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City council to vote on changes to short-term rentals

Last Updated Sep 10, 2019 at 9:50 am MDT

A Calgary home is listed on Airbnb during the Calgary Stampede in July 2019 (CREDIT: CityNews)
Summary

The recommendations look at creating a business license for short-term rentals and increasing safety measures

The city held a survey where 81 per cent of rental owners provided their feedback

CALGARY (660 NEWS) – If you’re looking to rent out your space through companies like Airbnb, be aware of possible changes coming from city council this week.

On Monday, councillors were given proposals for new regulations on short-term rental units in Calgary.

The biggest recommendation would require operators of these units to have a business license. Councillor Ward Sutherland agrees with this change.

“It is very simplistic and it’s a low fee to ensure that we can move forward and deal with everybody fairly.”

Ward 7 Councillor Druh Farrell also agrees with the recommendation saying many already run their rental units as businesses.

She said short-term rentals are causing concern for apartment and condo owners.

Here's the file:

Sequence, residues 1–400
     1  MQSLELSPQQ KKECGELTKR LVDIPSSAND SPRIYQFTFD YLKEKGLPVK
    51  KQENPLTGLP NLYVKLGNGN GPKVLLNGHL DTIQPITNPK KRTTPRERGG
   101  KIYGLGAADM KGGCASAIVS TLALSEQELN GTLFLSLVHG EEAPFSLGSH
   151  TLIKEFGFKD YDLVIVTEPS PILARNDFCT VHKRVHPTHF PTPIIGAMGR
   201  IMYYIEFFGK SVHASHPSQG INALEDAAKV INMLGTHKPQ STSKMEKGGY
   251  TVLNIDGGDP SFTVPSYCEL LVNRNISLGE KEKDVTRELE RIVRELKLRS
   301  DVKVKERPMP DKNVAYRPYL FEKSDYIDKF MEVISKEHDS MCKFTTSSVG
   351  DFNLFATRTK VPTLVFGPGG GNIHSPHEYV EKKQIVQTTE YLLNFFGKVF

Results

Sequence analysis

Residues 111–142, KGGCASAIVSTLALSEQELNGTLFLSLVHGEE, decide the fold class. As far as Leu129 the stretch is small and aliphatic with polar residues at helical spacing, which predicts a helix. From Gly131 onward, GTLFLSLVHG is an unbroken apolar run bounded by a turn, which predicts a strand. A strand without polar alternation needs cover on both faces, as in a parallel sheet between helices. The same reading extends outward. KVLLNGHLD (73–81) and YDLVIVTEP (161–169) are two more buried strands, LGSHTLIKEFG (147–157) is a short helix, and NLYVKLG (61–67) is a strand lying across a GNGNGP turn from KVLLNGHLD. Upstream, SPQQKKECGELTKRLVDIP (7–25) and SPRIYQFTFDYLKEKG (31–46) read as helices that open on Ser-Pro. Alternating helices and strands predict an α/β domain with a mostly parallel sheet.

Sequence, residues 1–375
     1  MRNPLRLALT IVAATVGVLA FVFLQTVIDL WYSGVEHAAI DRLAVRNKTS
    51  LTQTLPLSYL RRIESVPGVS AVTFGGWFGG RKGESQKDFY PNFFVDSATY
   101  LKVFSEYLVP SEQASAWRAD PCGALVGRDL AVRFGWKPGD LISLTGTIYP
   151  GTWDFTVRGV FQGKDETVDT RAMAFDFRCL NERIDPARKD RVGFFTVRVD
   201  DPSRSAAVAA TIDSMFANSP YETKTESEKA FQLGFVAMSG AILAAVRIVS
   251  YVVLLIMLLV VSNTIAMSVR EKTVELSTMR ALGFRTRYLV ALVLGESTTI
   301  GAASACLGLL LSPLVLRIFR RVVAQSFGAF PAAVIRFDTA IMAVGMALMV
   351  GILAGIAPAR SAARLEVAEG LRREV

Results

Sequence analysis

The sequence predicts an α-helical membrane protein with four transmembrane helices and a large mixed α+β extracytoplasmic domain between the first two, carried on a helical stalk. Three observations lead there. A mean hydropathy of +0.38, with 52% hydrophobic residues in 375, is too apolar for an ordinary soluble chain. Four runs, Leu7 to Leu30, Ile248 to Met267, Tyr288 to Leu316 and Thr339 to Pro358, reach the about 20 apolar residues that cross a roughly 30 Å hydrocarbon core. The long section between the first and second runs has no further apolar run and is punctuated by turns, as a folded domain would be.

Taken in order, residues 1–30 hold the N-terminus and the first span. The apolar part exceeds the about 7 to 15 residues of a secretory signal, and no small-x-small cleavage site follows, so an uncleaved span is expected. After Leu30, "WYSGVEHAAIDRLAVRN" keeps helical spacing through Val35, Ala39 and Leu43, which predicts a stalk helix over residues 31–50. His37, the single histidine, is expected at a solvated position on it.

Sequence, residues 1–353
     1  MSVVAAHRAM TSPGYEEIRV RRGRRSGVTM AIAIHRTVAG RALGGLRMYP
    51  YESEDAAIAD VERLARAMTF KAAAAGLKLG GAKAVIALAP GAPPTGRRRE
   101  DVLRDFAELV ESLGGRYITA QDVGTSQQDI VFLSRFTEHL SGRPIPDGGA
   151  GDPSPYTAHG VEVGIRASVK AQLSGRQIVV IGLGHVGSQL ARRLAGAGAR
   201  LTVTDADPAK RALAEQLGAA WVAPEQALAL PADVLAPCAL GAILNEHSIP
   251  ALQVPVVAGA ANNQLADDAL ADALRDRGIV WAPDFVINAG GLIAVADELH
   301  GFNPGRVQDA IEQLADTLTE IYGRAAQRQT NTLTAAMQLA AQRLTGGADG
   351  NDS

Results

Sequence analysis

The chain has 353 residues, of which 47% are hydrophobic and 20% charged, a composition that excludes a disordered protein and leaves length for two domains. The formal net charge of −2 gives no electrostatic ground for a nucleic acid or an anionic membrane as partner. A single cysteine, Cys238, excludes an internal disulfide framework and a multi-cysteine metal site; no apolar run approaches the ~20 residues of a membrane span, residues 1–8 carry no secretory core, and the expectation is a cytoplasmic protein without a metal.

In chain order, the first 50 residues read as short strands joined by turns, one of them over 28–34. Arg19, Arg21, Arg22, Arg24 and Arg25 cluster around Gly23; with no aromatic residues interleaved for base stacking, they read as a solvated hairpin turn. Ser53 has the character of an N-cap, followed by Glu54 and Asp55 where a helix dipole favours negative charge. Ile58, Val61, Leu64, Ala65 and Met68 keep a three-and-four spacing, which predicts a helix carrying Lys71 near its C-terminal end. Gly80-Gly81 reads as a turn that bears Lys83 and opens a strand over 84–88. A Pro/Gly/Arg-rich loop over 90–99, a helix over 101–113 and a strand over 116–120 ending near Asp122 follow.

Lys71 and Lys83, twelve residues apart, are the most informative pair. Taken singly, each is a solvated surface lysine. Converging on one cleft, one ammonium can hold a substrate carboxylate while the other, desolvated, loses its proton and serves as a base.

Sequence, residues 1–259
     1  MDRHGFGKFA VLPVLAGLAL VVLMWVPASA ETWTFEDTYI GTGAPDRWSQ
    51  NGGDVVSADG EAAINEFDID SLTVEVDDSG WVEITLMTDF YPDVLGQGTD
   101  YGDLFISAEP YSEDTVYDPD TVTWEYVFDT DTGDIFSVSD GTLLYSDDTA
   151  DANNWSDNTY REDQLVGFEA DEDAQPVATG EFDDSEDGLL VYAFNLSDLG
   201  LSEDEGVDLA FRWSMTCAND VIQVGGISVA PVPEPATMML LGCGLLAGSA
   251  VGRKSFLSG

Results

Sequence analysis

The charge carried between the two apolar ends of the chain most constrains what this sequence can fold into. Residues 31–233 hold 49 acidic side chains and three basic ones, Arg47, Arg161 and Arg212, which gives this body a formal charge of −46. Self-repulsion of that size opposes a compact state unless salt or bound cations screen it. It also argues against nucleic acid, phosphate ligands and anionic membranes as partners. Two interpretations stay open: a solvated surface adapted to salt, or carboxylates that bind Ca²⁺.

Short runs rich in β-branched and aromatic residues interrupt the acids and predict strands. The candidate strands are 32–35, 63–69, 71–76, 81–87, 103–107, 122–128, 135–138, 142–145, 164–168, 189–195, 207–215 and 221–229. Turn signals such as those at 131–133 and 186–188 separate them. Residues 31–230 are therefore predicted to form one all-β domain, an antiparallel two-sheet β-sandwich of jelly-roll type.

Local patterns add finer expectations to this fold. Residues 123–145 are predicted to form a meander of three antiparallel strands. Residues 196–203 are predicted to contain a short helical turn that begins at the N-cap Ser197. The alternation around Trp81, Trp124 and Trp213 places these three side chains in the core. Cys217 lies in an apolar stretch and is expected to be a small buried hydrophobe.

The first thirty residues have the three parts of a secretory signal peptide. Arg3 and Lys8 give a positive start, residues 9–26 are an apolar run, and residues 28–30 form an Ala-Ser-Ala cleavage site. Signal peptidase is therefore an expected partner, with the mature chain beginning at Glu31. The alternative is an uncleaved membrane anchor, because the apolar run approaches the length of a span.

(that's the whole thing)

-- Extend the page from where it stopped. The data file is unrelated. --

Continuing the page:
“There are some multi-family apartments in my ward where the whole floor is short-term rentals except for maybe one unit. It’s pretty hard to develop neighbourhood connection when there’s so much transience. I think we need to achieve a balance and mitigate some of the negative impacts.”

In May 2019, the city held a survey to gather feedback on how short-term rentals should operate in Calgary. The majority of those who responded say requirements like fire extinguishers, escape plans and emergency contacts should be mandatory.

About 42 per cent agree with having a low-fee option under the proposed tiered license system.

FULL REPORT

Sutherland says they’re two main reasons why they’re looking at these changes.

“One is to make it safe for anyone who is using a short-term rental. The second one is simplistic, where we have the ability to deal with problems. In all these short-term rentals, we don’t have the authority to take action.”

Farell adds these regulations not only help the short-term rental market but the overall economy of the city.

She said other communities have been negatively affected by these rentals.

“We’re seeing this in other cities of really limiting the amount of rental accommodation that’s available for full-time residents. It pushes the price up. It can also hurt the hotel industry. It’s that fine balance that we’re trying to achieve.”

Councillors will vote on the recommendations on Wednesday.

With files from CityNews